There’s a simple rule you should always keep in mind while speaking publicly: if you’re bored, then so is the audience. You shouldn’t be making a speech about something that you’re not passionate about, and, if you are, you can expect it to be boring and lackluster – for certain business aspects of work, like presentations and meetings, this may be the norm. Still, if you’re speaking to an audience that you care about, with a message that you care about, then you’ll need to do more than read out notes and flick through a powerpoint. Throw yourself into your content and perform. Hand gestures and proper inflections in speech are useful markers for passionate speaking, but the best way to tell is to ask yourself if you want to be up in front of your audience, speaking to them. The answer might be a very, very quiet ‘yes,’ squashed by all your fears and doubts, but if it’s a definite ‘no,’ then passion might not be possible for you to grasp, and your speeches will suffer as a result.

eSpeakers guest blogger, Katrina Hatchett blogs about lifestyle at Academic Brits, and also enjoys working for Origin Writings as a valued member of the writing team. She is also involved in numerous business projects since one of her passions in life is identifying project problems and their solutions, which aren’t always that simple. Still, they do give her the satisfaction of problem-solving time and time again. Her main goal is to improve the effectiveness of everyone’s communication around the world, and one of the small ways by which she contributes to this goal is by writing for the Ph.D. Kingdom blog.

How to Avoid Scams that Target Speakers

Digital technology is an integral part of the speaking industry, creating new considerations when it comes to marketing and business development. Speakers want to build their business and connect with clients who are interested in paying for their services. But, unfortunately, there are scammers who take advantage of hungry speakers who are looking for new gigs.

Online scams are common in many industries, but the occurrence has recently increased for speakers. Here at eSpeakers, we want to help you be aware of potential scams so that you can keep yourself protected.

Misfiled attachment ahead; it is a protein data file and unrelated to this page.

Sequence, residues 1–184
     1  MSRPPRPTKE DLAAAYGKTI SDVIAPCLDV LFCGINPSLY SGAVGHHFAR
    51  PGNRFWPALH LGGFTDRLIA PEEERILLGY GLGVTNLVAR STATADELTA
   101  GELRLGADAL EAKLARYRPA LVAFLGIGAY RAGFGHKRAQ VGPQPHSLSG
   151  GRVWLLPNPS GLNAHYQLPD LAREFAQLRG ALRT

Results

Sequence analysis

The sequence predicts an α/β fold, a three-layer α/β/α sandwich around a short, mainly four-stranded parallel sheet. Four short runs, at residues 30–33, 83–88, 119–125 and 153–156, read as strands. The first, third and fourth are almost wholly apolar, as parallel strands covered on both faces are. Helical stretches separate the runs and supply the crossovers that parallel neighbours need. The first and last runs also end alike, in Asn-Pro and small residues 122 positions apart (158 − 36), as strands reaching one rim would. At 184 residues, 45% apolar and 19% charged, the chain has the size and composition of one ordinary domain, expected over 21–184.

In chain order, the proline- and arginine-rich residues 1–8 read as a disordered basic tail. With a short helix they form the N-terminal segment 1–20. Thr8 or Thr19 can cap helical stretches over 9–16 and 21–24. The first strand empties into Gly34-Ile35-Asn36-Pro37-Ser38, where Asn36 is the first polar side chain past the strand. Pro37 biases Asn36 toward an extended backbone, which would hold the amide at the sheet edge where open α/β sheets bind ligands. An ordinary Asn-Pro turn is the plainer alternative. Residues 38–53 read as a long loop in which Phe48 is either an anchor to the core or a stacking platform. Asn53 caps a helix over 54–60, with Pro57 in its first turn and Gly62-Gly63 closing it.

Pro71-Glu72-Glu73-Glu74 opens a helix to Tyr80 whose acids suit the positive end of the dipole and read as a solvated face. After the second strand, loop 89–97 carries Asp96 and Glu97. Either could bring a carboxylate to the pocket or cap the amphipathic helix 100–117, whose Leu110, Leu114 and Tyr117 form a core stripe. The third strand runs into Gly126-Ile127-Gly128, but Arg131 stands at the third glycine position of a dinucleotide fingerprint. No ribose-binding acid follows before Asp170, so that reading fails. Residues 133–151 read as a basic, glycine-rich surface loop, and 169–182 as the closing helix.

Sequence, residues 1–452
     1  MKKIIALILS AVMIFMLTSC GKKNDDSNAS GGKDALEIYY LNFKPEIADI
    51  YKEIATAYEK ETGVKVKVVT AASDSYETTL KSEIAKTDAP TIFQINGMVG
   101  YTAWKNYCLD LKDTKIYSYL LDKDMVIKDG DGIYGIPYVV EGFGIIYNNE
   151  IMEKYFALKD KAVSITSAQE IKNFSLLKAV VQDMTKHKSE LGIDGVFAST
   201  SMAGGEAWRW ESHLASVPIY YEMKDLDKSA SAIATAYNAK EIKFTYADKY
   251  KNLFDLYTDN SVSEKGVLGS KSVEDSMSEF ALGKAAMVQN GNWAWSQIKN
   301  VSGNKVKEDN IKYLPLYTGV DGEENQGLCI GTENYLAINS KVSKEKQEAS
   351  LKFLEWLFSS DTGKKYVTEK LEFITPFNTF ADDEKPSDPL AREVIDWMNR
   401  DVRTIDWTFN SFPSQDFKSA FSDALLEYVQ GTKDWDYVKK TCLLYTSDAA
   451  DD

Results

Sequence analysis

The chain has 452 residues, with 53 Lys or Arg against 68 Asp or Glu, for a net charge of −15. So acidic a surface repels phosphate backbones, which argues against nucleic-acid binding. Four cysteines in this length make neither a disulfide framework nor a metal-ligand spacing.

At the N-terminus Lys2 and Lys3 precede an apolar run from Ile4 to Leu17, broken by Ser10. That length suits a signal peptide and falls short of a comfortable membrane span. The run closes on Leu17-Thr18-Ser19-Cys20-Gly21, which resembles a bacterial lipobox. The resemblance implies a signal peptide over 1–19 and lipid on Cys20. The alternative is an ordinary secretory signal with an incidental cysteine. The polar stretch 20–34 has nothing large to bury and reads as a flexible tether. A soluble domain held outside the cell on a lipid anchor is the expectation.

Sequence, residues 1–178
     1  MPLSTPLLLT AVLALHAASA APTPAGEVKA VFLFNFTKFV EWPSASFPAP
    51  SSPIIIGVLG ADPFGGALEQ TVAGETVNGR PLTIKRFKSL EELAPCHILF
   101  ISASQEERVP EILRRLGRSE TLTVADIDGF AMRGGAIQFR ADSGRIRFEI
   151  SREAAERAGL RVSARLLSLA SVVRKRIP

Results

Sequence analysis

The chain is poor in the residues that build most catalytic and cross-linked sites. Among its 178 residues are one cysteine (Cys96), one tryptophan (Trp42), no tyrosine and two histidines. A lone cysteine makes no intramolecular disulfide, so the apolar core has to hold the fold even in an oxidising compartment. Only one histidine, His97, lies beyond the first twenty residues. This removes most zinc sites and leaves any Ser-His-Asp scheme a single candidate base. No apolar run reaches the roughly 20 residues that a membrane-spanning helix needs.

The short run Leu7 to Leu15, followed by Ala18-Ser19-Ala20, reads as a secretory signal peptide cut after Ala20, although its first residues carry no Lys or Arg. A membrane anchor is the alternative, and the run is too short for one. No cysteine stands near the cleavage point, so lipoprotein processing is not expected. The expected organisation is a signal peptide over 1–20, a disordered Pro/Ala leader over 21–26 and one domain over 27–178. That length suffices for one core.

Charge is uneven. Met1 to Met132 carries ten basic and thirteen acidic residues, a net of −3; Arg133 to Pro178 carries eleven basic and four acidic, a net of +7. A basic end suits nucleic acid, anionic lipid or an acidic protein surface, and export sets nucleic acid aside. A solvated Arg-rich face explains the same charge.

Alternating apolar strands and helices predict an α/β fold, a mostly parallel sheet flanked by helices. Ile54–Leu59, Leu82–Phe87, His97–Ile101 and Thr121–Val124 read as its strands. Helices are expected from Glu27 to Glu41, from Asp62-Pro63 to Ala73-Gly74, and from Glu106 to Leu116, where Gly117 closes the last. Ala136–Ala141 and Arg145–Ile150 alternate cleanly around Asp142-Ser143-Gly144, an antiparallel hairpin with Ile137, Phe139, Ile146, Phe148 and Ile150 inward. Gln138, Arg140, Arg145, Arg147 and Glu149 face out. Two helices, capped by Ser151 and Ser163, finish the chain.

How and When to Manage Audience Q&A

Questions from the audience can enrich a panel discussion or derail it, so decide ahead of time when and how you will manage questions. You can:

  • Take Questions As You Go. Allow questions to percolate from the audience at any time.
  • Stop Periodically and Ask For Questions. For example, stop for questions after each panelist presentation, key topical discussion or stop every 20 minutes to take questions.
  • Dedicate a time for Q&A. Create a specific time to take questions from the audience, usually held at the end of the program and before the final summary.

Attention Meeting Professionals: The Main Reason Your Panels are Boring

This year at IMEX America in Las Vegas, I was speaking about how to make your panel discussions go from boring to bravo. Before the session began, a meeting professional said, “I’m not a big fan of panels. They are just too boring.”

My dear meeting professional. One of the main reasons your panels are boring is that YOU have not set your panel up for success. Sure, you identified a slot of time, selected a topic and wrestled up a moderator and some panelists. You consider your job to be done.

 

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Keynotes That Kill: How Your Program Titles Make or Break Your Brand

Get Ready to Take Your Speaking Career to the NEXT LEVEL! Discover the Secret to GRAB Your Audience & Increase Bookings…

Copy & Branding Secrets from a Psychology-Driven Copywriter

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Don’t let your brand be drowned out by your competition, underwhelming content, or information overload.

It’s simple: We read news stories, social media feeds, and magazines based on the headlines. The more captivating the headline, the stronger the urge to click on the link and flip the pages.